THE HISTORY OF FLATBUSH AVE begins in 1651. The Flatbush neighborhood was established as a Dutch colony, under the name Midwout. Midwout became known as Flatbush as Irish immigrants and Orthodox Jews began moving into the neighborhood after its establishment. Soon after the founding of Midwout, the land was surrendered to the English and became known as Flatbush. Like many neighborhoods in New York, Flatbush was known for its multiculturalism before recent gentrification.
THE HISTORY OF THE BUILDINGS 80 Flatbush and 94 Flatbush is one that is inseparable to the history of the neighborhood. The two buildings on which the mural exists represent two halves of the complex history of Flatbush, one half being corporate and the other half being organic. 80 Flatbush was built in the 50's to be an office for the State of New York. 94 Flatbush was a movie theatre during the prohibition that morphed into a bowling alley and billiard hall as the 20's ended and 1933 arrived. Flatbushers and Brooklynites congregated at these buildings to participate in the law and outside the law. The structures stood as two halves of the same whole, allowing space for discussion and public action. As time progressed, the Flatbush neighborhood changed with the tide of gentrification. Today billiard halls are empty and high-rises are full. Merz's mural outlines processional space for working class people and records their place in the history of Flatbush.
The building was drawn by one person, ( katie merz ), and every single mark on the building was hand drawn and freestyled. It was completed in 35 days , and the 2017 New York City Marathon was my hard deadline. I made an intention to fill the wall with references to Bklyn. From memories of growing up there - to my Dad’s stories of his Brooklyn childhood, to people’s shouts and notes from their own experiences and memories - this is a drawn collective history of a moment in time in Brooklyn, New York. The building was painted black by another painting contractor and I would follow him along as we both shared the lifts. My assistant Ty would double every line that I drew, basically re-drawing the entire building over my initial line. Nothing was re-done. What was originally drawn - stayed put - nothing was erased or drawn over - there was not enough time. The building to me is a live way of reading - a new form of storytelling - this building is the past, present and future story of a place that I love very much - it is Brooklyn.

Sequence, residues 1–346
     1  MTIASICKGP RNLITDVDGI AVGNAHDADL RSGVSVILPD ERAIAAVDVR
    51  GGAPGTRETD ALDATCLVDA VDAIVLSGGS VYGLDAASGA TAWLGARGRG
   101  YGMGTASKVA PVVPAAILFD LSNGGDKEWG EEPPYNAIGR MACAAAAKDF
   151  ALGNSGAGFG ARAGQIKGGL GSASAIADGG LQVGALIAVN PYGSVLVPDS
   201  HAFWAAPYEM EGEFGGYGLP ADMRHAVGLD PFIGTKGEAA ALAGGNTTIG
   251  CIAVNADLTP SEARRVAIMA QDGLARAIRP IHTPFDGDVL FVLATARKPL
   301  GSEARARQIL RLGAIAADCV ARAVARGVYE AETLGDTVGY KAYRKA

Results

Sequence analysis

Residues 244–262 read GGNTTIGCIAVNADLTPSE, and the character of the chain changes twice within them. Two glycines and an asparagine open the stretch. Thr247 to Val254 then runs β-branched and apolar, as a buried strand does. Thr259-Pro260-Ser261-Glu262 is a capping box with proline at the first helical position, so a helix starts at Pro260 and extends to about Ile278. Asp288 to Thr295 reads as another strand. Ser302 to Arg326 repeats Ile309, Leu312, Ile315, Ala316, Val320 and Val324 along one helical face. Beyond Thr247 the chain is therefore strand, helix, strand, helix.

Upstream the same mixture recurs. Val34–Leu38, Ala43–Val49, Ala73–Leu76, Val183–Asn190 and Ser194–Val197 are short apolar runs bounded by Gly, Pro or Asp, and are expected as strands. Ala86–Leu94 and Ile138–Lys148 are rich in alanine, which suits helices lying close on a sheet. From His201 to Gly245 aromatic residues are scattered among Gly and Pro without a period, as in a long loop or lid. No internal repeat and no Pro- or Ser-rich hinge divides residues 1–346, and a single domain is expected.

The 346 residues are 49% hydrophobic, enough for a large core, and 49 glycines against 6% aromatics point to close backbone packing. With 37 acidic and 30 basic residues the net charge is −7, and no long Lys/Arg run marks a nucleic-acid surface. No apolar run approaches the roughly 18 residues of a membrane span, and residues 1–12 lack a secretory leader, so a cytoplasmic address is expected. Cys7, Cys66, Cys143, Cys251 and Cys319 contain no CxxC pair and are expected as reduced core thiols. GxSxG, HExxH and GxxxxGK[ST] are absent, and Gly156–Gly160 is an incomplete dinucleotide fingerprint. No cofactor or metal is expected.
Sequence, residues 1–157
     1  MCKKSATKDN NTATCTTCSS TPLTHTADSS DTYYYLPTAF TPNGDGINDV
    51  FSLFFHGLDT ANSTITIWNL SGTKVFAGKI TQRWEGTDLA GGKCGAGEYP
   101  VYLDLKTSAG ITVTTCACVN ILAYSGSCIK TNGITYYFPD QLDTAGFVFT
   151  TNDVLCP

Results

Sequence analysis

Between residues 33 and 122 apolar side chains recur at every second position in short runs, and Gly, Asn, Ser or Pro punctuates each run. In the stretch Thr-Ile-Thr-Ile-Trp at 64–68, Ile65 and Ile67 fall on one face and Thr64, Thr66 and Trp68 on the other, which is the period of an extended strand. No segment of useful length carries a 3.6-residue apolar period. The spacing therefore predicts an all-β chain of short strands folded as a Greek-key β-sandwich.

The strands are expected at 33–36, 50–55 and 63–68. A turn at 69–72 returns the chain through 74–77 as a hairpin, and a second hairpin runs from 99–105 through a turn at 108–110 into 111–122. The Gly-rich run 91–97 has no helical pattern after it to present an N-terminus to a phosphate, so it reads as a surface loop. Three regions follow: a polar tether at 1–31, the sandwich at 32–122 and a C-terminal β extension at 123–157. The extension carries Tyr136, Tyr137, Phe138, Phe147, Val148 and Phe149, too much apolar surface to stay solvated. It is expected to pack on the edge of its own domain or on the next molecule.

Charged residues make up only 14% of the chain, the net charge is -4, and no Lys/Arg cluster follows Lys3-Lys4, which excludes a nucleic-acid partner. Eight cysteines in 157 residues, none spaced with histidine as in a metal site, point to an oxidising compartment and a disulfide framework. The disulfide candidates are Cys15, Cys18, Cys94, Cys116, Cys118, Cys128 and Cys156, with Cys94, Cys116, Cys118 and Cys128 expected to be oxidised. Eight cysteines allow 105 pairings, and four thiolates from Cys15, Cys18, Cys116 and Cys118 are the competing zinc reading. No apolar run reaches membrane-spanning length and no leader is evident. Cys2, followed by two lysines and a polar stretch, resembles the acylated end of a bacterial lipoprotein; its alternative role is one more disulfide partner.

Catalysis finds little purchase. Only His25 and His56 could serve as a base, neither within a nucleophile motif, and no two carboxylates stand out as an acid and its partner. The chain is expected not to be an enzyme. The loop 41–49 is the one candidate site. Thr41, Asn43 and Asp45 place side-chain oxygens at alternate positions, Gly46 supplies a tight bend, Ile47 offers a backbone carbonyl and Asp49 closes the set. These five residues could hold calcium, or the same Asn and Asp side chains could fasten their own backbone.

I wanted to make the building more than just a mural, and wanted the process of it to be an inclusive experiment in absolute open-ness, spontaneity and connection. Before beginning - I set the intention to interact and be present with everyone that engaged me while I worked. Given the location and the activity of this strip, this intention was easy to achieve. The building housed the New York State Office of Human Resources and was a constant non stop hub of social interaction and activity. The people that worked in this building were a huge part of why this project was so special to me. Everyone that worked in the building is up on the wall in some way shape of name. It is their building, they are the landlords of the surface of the building.
Portraits - Almost everyone that passed by was curious enough to stop and strike up a conversation - and from there the improv process would begin. We would figure out a scenario that would be funny or possible - from there on out - is was total street improv - a combination of trust - play - drawing and humor. I would also leave drawings on the wall ( an umbrella - a crown - a basketball - a step ) People would walk by and situate themselves under the crown or hold the basketball or pretend to run up the steps. It was amazing. People were so game to partake in this live drawing / animation / cartoon ! They would also yell stuff from their cars - or scream out of the dollar van or yell up to me while on the lift, or hand me a piece of paper with a name of an old Brooklyn hero that I had left out. ( Easy Mo Be - etc ) One young girl had her sister call me from the middle east, where she translated a sentence so I could draw it on the wall for good luck.
Anything accidental or non linear that happened in front of this building ended up on the wall. The mural is a true freehand drawing riff, made with passersby that were fearless, engaged and humble.
I have never been as moved by human beings as I was while working on the building. It was humbling and beautiful experience. I miss the insane, nonstop highway of everyday people. These portraits are remnants of a moment of connection that can happen within any random second, and this playful trust creates a universal humanity that is hard to forget.
FOOTNOTE ABOUT THE PROCESS: I HAVE NO PLAN WHEN I DRAW / IT IS A SPUR OF THE MOMENT PROCESS / A KINETIC IMPROV OF MY MINDS CONSTANT REITERATION OF IMAGES, ASSOCIATIONS AND LANGUAGE. I USUALLY WORK WITH A LIST OF WORDS ( ABOUT BKLYN ETC ) THAT I AM PROMPTED BY.
Below are notes and sketches for portrait scenarios for the wall.